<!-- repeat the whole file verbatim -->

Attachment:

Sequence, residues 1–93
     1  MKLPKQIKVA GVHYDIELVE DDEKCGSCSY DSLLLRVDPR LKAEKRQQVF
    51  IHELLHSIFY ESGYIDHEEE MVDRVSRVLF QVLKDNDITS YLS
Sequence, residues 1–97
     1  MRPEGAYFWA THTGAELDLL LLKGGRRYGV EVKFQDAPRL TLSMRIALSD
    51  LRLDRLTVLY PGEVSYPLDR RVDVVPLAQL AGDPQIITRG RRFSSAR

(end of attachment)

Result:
Sequence, residues 1–93
     1  MKLPKQIKVA GVHYDIELVE DDEKCGSCSY DSLLLRVDPR LKAEKRQQVF
    51  IHELLHSIFY ESGYIDHEEE MVDRVSRVLF QVLKDNDITS YLS
Sequence, residues 1–97
     1  MRPEGAYFWA THTGAELDLL LLKGGRRYGV EVKFQDAPRL TLSMRIALSD
    51  LRLDRLTVLY PGEVSYPLDR RVDVVPLAQL AGDPQIITRG RRFSSAR